Gaur historically occurred throughout mainland South and Southeast Asia, including Vietnam, Cambodia, Laos, China, Thailand, Peninsular Malaysia, Myanmar, India, Bangladesh, Bhutan, and Nepal. Today, the species is seriously fragmented within its range, and regionally extinct in Sri Lanka.
Gaur are largely confined to evergreen forests or semi-evergreen and moist deciduous forests, but also occur in deciduous forest areas at the periphery of their range. Gaur habitat is characterized by large, relatively undisturbed forest tracts, hilly terrain below an altitude of 5,000 to 6,000 ft (1,500 to 1,800 m), availability of water, and an abundance of forage in the form of grasses, bamboo, shrubs, and trees. Their apparent preference for hilly terrain may be partly due to the earlier conversion of most of the plains and other low-lying areas to croplands and pastures. They occur from sea level to an altitude of at least 2,800 m (9,200 ft). Low-lying areas seem to comprise optimal habitat.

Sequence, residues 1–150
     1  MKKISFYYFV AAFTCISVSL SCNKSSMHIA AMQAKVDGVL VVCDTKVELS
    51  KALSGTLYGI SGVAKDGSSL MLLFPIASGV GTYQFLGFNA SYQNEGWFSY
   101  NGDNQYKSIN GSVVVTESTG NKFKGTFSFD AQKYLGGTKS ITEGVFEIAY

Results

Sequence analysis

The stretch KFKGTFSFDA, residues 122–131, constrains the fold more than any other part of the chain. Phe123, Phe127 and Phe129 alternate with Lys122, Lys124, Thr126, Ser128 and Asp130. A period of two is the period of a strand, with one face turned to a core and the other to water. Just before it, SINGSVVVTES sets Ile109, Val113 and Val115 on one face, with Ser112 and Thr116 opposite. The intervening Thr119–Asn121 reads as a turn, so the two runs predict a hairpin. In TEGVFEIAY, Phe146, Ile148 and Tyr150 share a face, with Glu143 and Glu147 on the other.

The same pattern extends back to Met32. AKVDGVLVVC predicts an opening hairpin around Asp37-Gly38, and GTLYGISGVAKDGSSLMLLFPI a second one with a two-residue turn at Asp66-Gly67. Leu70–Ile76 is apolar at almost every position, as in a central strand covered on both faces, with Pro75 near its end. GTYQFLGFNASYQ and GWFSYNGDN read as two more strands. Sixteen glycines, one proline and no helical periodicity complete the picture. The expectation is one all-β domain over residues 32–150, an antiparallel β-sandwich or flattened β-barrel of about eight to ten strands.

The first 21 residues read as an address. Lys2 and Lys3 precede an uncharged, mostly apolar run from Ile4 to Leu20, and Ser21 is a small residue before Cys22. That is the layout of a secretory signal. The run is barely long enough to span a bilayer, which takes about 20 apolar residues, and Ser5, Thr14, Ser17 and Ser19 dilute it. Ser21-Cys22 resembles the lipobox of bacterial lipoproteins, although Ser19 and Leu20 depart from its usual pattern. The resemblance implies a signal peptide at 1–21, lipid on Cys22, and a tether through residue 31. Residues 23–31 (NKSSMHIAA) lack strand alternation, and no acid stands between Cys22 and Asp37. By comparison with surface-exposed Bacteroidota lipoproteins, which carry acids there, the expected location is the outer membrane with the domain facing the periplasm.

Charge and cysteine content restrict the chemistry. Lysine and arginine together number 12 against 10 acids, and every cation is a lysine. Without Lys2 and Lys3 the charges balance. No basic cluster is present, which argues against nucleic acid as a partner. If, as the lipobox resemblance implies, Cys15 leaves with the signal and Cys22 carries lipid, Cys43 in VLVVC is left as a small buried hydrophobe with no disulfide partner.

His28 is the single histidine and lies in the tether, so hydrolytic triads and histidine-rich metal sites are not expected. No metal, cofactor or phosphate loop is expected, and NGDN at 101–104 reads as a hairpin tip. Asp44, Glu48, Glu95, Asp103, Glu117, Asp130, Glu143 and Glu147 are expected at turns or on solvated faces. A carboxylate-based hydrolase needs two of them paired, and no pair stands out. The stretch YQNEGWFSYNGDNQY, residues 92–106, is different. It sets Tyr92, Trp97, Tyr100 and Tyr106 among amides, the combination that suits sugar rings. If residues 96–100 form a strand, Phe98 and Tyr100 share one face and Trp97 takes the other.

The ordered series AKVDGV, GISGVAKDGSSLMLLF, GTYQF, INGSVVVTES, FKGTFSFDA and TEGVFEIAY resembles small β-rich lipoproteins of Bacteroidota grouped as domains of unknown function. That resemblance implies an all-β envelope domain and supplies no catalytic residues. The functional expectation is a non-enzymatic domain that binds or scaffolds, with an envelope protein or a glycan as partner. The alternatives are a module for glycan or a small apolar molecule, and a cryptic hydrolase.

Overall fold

In Vietnam, several areas in Đắk Lắk Province were known to contain gaur in 1997. Several herds persist in Cát Tiên National Park and in adjacent state forest enterprises. The current status of the gaur population is poorly known; they may be in serious decline.
In Cambodia, gaur declined considerably in the period from the late 1960s to the early 1990s. The most substantial population of the country remained in Mondulkiri Province, where up to 1000 individuals may have survived in a forested landscape of over 15,000 km2 (5,800 sq mi). Results of camera trapping carried out in 2009 suggested a globally significant population of gaur in the Mondulkiri Protected Forest and the contiguous Phnom Prich Wildlife Sanctuary.
In Laos, up to 200 individuals were estimated to inhabit protected area boundaries in the mid–1990s. They were reported discontinuously distributed in low numbers. Overhunting had reduced the population, and survivors occurred mainly in remote sites. Fewer than six National Biodiversity Conservation Areas held more than 50 individuals. Areas with populations likely to be nationally important included the Nam Theun catchment and the adjoining plateau. Subsequent surveys carried out a decade later using fairly intensive camera trapping did not record any gaur any more, indicating a massive decline of the population.